"Stories have the power to heal but only if they are told," said Marc Smolowitz, executive producer and co-founder of HIV Story Project. "After three decades of this pandemic, there is an urgent need to tell and preserve the HIV/AIDS stories of survival before they are lost, before they are forgotten. In remembering, we heal, and through our healing we inspire. Hope emerges from this healing."
National AIDS Memorial Grove Honors those Lost, National Leaders and Unsung Heroes
On the eve of World AIDS Day, much of the ten-acre Memorial was illuminated to honor those lost and celebrate the spirit of light and life. Guests experienced a candlelight reflection at the Circle of Friends and the evening included special musical and choreographed artistic performances and a deeply moving video conveying the Grove's message of hope to guests.
During a special ceremony on World AIDS Day, humanitarian, philanthropist, and Chairman Emeritus of Levi Strauss & Co., Robert D. Haas, was honored with the World AIDS Day National Leadership Recognition Award for his work on the responsibilities of businesses in the AIDS crisis and laying the groundwork for effectively addressing the epidemic within the workplace context. Under his leadership, Levi Strauss became the very first Fortune 500 company to extend full medical benefits to domestic partners of employees at that critical time.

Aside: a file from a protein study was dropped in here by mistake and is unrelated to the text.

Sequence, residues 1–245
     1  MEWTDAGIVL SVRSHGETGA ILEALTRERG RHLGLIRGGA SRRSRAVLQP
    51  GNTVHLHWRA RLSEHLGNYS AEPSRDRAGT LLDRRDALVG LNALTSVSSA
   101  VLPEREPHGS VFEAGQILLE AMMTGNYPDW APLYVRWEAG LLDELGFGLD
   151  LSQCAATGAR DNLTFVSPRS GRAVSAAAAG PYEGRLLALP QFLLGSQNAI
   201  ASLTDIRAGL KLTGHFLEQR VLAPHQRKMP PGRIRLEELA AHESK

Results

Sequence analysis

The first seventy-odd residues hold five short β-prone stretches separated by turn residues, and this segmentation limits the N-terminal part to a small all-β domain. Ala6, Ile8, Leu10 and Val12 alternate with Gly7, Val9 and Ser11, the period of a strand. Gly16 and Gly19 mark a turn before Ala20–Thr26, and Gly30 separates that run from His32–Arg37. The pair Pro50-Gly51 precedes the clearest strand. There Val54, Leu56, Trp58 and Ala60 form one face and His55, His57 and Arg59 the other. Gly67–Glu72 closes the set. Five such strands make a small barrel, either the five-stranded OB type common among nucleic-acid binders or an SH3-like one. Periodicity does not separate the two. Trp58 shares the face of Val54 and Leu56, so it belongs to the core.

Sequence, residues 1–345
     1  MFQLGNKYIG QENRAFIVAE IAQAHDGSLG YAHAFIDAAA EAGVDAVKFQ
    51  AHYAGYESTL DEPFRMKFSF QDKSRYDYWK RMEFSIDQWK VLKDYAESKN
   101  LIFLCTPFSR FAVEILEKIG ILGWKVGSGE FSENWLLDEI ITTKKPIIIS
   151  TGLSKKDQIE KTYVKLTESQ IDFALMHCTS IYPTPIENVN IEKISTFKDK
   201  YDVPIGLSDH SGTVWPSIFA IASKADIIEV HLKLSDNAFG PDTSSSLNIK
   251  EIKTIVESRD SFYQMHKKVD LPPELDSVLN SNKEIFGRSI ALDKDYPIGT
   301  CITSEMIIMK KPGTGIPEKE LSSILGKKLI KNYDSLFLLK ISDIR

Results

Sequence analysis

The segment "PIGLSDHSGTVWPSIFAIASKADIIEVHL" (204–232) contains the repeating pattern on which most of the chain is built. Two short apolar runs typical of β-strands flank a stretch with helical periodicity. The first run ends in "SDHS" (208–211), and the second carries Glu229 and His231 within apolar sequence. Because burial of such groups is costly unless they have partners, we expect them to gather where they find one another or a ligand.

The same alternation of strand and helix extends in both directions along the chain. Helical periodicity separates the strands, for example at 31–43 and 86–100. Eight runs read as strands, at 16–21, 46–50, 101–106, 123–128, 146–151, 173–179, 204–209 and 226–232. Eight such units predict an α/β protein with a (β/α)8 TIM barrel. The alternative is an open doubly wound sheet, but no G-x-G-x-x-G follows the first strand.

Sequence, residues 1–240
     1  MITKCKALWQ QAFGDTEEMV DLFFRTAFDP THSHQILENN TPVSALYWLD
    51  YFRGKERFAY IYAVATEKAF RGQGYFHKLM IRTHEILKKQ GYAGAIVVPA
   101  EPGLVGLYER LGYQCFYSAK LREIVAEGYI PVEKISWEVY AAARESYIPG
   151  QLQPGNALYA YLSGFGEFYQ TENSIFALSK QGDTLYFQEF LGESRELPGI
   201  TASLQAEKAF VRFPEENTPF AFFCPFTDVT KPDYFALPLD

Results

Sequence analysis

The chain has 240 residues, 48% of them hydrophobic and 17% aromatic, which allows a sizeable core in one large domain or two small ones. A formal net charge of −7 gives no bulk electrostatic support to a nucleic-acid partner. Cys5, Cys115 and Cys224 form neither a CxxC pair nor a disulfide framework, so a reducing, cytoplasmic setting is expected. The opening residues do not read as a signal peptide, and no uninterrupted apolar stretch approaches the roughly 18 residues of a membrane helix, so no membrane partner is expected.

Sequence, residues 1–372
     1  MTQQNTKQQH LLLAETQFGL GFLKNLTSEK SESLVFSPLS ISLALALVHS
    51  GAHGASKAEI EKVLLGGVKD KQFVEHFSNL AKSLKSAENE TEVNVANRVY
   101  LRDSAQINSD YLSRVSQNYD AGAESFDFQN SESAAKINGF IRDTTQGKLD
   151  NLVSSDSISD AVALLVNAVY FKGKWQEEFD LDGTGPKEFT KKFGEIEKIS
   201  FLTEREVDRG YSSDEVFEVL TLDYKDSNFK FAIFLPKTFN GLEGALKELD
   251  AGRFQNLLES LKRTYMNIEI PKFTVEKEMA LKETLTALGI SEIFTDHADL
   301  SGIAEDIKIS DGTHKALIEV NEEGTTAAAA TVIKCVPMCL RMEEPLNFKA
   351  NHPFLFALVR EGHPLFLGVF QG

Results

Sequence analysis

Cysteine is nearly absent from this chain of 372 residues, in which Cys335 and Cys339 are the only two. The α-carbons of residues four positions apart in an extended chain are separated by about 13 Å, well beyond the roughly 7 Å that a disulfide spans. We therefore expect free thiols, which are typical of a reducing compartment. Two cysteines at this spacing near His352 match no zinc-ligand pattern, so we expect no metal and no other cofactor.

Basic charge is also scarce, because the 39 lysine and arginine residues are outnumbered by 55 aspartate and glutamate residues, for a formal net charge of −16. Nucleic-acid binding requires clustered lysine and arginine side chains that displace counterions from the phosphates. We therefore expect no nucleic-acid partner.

"Bob is a true pioneer who went to great lengths to put values at the center of how he ran Levi Strauss & Co. His courageous leadership addressing the HIV/AIDS issue set the stage for the company's long-standing commitment, while also driving the response from the corporate community at large," said Daniel Lee, executive director, Levi Strauss Foundation. "Through both his words and his actions, Bob demonstrated an unrelenting dedication to doing the right thing. He was unafraid to raise his voice against opposing social views and corporate cultural norms, and made bold moves to protect the rights of marginalized groups who bore the brunt of the epidemic."